Throughout the world, there have long been various objects and places that have been deemed as having a certain evil presence pervading them. It is not always clear from where this intangible aura of menace and wickedness comes. Is it ghosts? Dark magic or curses? Or is it some unseen sinister force that we can not comprehend, that permeates the world around us and pools around certain areas, infecting them with its insidious, inscrutable stain? Whatever this evil is, it can certainly be found clinging to one old shipwreck off the coast of Western Australia, about 40km north of Perth. Here lies the skeletal remains of the Alkimos, a WWII era cargo ship that from the moment of its creation was infused with a menacing force that has still not let go even as the ship’s remains slowly rot and melt away into the sea.
The Alkimos was a merchant shipping vessel that began its career when it was hastily built during World War II at the Bethlehem-Fairfield Shipyards in Baltimore. It was originally named the George M. Shriver, and even at this early stage in the ship’s life there was a certain darkness hanging over it. The vessel was what was known as a Liberty Ship, which were basically cargo ships that were designed to be mass produced quickly and cheaply. As such, the construction of such ships was rushed and few safety precautions were in place. Like others of its kind, the George M. Shriver was built in only 10 days, and during this rushed construction, some unfortunate welders were reportedly sealed between the hulls of the vessel, where they perished. In addition to the deaths, it was said that the construction of the ship was fraught with an unusual number of bizarre, freak accidents, even considering the less than favorable working conditions. Before it had even been launched, the George M. Shriver was already garnering a reputation as being unlucky.
The ship was officially put into service on October 11, 1943, as the George M. Shriver, but did not retain that name for very long. On October 20, it was assigned to the Norwegian Shipping & Trade Mission, and its name was changed to the Viggo Hansteen. The vessel embarked on an 18 month tour of duty during the war, serving as a troop ship and a cargo ship, often under fierce enemy fire. During these tumultuous days of the war, the ominous specter of bad luck and misfortune once again loomed over the ship. The ship was prone to a myriad of technical difficulties and was often known to break down at sea. Other unfortunate things befell the ship as well. On one mission, the two merchant boats in front of it were blasted to smithereens by German U-boats and although the Viggo Hansteen was not hit, it became stranded for 6 hours on an unmapped reef, where it sat vulnerable to attack before it was finally able to break free. An even more menacing incident occurred in August, 1944, when the ship became the scene for a brutal murder-suicide. While the ship was at port in Naples to unload ammunition and gliders, a female Canadian radio operator was shot by another crew member, who then proceeded to shoot himself. It was a shocking and senseless crime that further punctuated the growing consensus that the ship was cursed. The rumors circulated and it got to the point that some crewmen refused to serve aboard it, calling it the unluckiest vessel afloat.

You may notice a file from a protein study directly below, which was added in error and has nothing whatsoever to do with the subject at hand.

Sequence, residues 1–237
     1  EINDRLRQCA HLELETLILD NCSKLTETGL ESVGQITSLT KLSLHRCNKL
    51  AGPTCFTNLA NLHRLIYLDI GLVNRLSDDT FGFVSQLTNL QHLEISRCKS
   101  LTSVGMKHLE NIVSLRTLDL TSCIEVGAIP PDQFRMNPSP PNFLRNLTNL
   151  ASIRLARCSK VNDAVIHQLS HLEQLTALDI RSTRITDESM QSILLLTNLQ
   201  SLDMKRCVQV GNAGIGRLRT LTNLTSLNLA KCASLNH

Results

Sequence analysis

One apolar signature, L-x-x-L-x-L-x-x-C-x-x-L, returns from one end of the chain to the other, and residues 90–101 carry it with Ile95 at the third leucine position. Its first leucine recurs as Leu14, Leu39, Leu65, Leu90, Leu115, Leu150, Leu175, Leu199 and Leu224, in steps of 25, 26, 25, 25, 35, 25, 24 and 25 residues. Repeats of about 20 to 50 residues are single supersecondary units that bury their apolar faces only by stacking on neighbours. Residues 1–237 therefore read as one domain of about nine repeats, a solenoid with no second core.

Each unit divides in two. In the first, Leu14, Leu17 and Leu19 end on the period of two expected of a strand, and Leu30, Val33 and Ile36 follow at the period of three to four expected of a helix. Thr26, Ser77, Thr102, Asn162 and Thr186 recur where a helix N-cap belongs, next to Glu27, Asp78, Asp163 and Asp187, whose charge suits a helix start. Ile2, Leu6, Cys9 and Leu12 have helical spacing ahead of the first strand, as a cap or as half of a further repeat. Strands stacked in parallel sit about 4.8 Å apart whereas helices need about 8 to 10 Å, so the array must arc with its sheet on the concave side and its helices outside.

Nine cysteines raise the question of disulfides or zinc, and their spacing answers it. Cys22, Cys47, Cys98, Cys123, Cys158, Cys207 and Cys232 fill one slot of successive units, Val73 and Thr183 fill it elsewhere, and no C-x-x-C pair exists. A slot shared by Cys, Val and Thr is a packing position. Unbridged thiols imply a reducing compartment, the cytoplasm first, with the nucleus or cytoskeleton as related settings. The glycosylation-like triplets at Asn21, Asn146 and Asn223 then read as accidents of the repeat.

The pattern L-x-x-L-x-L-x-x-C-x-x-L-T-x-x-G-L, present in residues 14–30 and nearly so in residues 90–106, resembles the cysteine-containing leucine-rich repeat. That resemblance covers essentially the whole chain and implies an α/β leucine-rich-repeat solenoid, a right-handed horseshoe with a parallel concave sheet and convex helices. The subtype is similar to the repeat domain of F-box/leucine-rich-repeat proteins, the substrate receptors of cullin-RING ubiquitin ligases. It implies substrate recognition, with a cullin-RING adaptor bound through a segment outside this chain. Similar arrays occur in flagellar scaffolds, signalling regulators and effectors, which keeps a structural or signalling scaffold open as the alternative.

After the war, the vessel changed hands several times and eventually ended up with a Greek shipping company, where it was rechristened to the Alkimos. The end of the war and the change of name apparently did not free the ship from the insidious cloud of bad luck and strangeness that seemed to follow it around. In 1963, after nearly two decades of service with the Greek company, the Alkimos ran aground at a reef called Beagle Rocks, off Western Australia, as it was on a voyage from Jakarta to Bunbury. With the ship’s propeller badly damaged, the decision was made to tow it to Fremantle so that basic repairs could be done, after which it would be towed to Hong Kong for more extensive repairs. While awaiting repairs at Fremantle, the Alkimos mysteriously caught on fire, and the ensuing blaze caused even more damage to the vessel. When the minor repairs were finally finished and the Alkimos was on its way to Hong Kong, the tow line inexplicably snapped just an hour after departure and strong waves sent it hurtling towards shore, where it ran aground just north of Fremantle. The beached ship could not be moved at the time, and so was weighed down with water and left with a caretaker until proper salvage efforts could be mounted.
The beaching of the Alkimos did nothing to dilute whatever strange force was influencing it. Caretakers who stayed aboard the vessel often reported hearing inexplicable noises such as footsteps, voices, and tapping sounds. On occasion, phantom smells were detected, the most commonly reported being the smell of cooking from the empty galley. It was also said that the ship projected a peculiar feeling of menace, causing an uncomfortable sense of being watched and hair to stand up on end for no immediately discernible reason.